0541 The Fransiscan Festival (Ita 060â€”new)
Reggio Emilia Travel Blog› entry 166 of 201 › view all entries
I reach Reggio Emilio after dark-- but hopefully Iâ€™ll be able to find the hostel thatâ€™s supposed to be in the
I wander down the vacant streets and through a huge park to the edge of the
It doesnâ€™t look like a hostel. Thereâ€™s just a little plaque that marks it on an enormous gateway. I ring the doorbell hoping Iâ€™m not too late. Someone opens the door and lets me in. Thereâ€™s a beautiful courtyard, long columned porticos and fresco paintings on the ceiling above the vast stairway.
My guess is this used to be a monastery.
Sure enough-- and now itâ€™s been turned into one of the coolest 15 Euro hostels Iâ€™ve ever seenâ€¦ You can walk down the long arch ceiling halls and still get a feel for what it must have been likeâ€¦
Iâ€™m very lucky to find a bed. There is a big Fransiscan festival going on and monks from all over are gathering for the eventâ€¦ so basically, the place has been turned back into a monastery for a couple of days!
That evening I get to talking with an Italian fellow out in the courtyard. Heâ€™s from south
He explains a bit more about the divide between north and south. See
Two very different worlds in this one countryâ€¦ A very insightful discussionâ€¦
Then next day I head out to check out this Fransiscan festival thing.
Over to the side, a Protestant group is methodically shoving a pamphlet into the hand of every passerby, and a couple of Mormon missionary are prowling about, looking for strays-- but clearly the monks own the show todayâ€¦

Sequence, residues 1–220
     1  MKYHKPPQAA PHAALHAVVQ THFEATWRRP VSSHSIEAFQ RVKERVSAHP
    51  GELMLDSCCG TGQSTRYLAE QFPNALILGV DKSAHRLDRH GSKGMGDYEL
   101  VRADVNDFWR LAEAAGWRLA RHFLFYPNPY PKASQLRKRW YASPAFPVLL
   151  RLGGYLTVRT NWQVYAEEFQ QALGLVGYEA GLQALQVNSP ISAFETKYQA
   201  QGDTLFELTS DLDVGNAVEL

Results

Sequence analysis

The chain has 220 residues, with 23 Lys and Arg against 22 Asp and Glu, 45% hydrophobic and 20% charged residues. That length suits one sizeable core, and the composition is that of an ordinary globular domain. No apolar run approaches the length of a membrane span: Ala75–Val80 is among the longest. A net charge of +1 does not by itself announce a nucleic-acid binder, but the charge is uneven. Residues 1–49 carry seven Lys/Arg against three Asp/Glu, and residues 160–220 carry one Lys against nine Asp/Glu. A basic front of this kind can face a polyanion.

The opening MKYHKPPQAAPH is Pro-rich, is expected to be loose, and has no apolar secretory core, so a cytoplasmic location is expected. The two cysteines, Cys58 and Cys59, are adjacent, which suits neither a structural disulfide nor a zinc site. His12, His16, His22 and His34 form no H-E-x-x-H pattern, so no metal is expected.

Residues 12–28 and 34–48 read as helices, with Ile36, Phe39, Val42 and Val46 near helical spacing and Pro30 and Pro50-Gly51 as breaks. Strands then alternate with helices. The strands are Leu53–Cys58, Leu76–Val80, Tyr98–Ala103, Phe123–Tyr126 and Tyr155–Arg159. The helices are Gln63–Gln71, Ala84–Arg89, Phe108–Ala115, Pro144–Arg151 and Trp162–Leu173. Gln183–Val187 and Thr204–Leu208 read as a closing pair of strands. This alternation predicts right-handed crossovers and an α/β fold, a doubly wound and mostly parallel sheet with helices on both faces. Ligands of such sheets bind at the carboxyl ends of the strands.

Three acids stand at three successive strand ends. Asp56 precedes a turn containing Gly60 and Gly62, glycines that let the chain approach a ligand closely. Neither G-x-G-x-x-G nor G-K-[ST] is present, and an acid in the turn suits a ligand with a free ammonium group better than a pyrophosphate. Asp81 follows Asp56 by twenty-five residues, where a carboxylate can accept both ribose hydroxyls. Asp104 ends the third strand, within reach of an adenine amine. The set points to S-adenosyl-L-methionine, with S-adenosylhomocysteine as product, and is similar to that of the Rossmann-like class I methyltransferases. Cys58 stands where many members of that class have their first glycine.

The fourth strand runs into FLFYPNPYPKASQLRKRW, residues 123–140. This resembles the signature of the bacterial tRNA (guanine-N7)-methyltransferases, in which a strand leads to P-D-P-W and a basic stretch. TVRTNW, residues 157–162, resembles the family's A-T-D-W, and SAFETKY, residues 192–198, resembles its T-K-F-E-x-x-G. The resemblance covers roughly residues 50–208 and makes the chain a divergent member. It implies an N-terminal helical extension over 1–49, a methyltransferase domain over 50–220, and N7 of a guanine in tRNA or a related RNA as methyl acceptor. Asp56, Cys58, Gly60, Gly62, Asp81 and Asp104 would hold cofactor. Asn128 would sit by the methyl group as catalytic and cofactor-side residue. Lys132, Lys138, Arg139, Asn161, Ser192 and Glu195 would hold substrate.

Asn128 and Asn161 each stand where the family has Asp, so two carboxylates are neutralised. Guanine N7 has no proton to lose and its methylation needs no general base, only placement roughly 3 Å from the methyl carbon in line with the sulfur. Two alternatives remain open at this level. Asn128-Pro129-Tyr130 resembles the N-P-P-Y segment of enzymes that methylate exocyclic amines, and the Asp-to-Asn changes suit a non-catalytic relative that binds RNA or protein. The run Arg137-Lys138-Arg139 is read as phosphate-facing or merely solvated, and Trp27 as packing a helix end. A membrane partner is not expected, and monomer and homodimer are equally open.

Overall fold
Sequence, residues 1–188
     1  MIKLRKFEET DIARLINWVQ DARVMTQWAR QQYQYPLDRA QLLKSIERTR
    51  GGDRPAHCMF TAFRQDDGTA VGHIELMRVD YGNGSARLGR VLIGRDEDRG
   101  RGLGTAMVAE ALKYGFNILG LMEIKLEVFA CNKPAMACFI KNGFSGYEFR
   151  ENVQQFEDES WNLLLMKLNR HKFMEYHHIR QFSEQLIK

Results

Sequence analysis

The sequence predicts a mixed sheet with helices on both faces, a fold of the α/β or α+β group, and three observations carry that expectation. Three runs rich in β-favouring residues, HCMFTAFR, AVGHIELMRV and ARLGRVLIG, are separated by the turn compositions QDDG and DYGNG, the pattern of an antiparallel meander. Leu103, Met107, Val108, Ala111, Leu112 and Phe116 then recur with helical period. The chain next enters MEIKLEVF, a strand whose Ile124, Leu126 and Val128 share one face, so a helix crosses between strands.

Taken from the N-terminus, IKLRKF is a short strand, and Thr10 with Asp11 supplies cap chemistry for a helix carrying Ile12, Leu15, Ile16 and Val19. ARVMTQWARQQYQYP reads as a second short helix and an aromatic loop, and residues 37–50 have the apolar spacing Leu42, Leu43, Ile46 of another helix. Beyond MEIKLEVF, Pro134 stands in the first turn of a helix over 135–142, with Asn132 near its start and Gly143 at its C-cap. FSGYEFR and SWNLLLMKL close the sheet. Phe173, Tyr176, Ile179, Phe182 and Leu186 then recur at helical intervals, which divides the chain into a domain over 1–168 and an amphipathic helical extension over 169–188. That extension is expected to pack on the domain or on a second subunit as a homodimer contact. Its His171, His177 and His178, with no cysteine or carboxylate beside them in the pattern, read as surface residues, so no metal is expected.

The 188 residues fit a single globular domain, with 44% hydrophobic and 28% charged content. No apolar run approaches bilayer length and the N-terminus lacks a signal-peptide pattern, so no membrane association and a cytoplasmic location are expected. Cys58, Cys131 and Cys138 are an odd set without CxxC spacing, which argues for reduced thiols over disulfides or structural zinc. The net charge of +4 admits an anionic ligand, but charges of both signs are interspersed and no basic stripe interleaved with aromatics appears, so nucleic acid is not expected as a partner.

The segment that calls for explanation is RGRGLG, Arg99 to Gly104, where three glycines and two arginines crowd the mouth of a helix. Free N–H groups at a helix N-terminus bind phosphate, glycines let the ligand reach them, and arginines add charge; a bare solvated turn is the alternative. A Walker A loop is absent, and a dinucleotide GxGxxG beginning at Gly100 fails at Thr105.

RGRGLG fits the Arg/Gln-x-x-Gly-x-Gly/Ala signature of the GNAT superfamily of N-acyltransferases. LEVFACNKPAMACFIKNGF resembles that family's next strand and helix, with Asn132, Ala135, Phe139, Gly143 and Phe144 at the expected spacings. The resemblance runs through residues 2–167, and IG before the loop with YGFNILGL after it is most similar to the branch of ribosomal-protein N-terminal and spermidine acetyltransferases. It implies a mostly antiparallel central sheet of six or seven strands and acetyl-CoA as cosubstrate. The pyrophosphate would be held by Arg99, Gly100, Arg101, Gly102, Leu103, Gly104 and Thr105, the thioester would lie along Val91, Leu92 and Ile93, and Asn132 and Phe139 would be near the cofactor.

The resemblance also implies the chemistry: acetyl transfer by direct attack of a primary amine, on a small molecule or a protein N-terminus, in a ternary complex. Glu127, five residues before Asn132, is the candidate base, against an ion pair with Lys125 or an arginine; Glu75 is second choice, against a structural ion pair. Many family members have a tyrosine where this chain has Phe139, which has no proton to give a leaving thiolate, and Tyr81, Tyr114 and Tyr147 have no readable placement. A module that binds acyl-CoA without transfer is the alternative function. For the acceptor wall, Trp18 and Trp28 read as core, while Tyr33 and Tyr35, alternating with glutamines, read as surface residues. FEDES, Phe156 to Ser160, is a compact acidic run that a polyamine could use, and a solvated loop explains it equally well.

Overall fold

I figure itâ€™s a good opportunity to learn first hand about this unusual subculture, that seems like a relic from another era. Itâ€™s like all of a sudden, the Middle Ages come back to life-- and this is not re-enactment-- itâ€™s the real thingâ€¦
I approach a monk that looks Mexican and ask him if he speaks Spanishâ€¦ sure enoughâ€¦ He tells me how he felt the â€ścallingâ€ť to be a monk and how his whole family-- who are Catholicsâ€”turned against himâ€¦ He told me about their vows, about the living in community and that, yes, itâ€™s a lifelong thingâ€¦
A little later, another Italian monk approaches me and starts telling me his story, a similar one, of how his life felt empty before and how heâ€™s found fulfilment in this new life, despite the criticism of his familyâ€¦
I finally head on my way, not quite sure what to think of the whole rather surreal encounter with the Fransiscans there in the